François Imbeau-Dulac calmly walked to the end of the diving board, jumped up and moved his body so quickly it was hard to follow the number of flips and twists he packed in before gliding into the water.
Judges know that dive as a 5156B. For the rest of us, it’s a forward facing dive of two and a half somersaults with three twists, and it comes with the highest degree of difficulty of any in the men’s 3-metre springboard preliminaries on Friday.
It’s the dive that nearly got him into the final at the London Olympics, and, at the CIBC Aquatic Centre, it was enough to put him in second place and easily qualify for Saturday’s 12-diver final.
Teammate Philippe Gagné, who started off shaky — the stress of the big event getting to him, he said — steadily worked his way from 16th up to eighth to also make the final.
For Imbeau-Dulac the nerves actually came on the last dive but few would have known it watching him.
“It was extremely nerve-racking,” the 24-year-old said.
“I haven’t competed that dive since last year,” he said. “I’m just really, really happy the whole competition was consistent, except for the third dive.”
That third dive, rated much lower in difficulty, just 3.0 compared to his final dive of 3.9, often gives him trouble but it had gone so well in practice this week he surprised himself with the miss.
“I don’t even know what to say,” Imbeau-Dulac said. “Maybe I’m trying to keep the best for tomorrow night,” he joked.
He’s known as one of the best twisters in the world, a good skill to have, especially for his hardest dive, but all the torque in those fast spins takes a toll on the body.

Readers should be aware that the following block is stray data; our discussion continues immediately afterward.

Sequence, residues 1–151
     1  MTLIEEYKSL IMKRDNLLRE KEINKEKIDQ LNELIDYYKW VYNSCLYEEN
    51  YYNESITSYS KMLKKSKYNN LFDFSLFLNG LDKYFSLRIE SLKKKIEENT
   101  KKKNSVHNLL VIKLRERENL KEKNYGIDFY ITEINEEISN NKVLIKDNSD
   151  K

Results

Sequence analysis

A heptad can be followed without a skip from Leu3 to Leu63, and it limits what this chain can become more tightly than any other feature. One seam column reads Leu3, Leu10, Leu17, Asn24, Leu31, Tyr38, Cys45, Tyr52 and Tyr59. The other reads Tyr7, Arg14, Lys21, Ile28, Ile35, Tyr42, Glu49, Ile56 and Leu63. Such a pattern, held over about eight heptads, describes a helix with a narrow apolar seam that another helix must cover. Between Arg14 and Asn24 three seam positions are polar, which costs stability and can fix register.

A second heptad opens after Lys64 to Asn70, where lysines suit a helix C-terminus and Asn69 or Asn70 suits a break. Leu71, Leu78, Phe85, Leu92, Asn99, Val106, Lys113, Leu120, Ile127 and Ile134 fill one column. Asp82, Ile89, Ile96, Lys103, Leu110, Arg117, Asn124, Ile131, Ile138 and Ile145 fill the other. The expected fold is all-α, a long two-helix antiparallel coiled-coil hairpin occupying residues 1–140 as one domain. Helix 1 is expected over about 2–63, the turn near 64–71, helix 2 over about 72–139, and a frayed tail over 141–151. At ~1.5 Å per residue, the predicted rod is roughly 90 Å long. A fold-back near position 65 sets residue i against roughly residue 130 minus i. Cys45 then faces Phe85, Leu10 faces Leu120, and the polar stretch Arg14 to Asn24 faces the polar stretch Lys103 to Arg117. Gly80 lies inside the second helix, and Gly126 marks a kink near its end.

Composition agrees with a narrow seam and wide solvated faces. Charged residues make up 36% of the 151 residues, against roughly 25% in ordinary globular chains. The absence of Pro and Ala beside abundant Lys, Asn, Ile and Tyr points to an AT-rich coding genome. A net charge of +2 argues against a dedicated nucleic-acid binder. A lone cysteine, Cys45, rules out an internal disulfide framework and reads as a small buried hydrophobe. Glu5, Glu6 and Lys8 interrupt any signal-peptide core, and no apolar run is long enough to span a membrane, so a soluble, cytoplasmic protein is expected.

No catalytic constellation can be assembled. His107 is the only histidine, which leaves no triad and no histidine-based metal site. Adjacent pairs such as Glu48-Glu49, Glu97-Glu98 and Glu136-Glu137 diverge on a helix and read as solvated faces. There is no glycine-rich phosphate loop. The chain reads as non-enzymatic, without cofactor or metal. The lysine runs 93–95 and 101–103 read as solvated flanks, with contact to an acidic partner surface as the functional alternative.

In 2014, a torn ligament in his hip and a back injury forced him to change his power leg in the takeoff from his right to his left. That’s a bit like suddenly throwing the ball with a different hand.
“I had a lot of issues with that,” he said.
“I did not have confidence, I was always on the board shaking. I didn’t even want to compete anymore, I just wanted to get out of the pool and run. So, it was dealing with mental issues or physical issues.”
Imbeau-Dulac knew which he preferred and he went back to the confident leg a few months ago and manages his back and hip issues as best he can with strength training and physiotherapy.
Imbeau-Dulac finished fifth in the 3-m. event at the last Pan Am Games in Mexico, but he’s hoping to move up to the medals here on home soil.
After Saturday’s 3-m. finals, the Canadian men will be back as a team in the synchronized diving competition on Monday.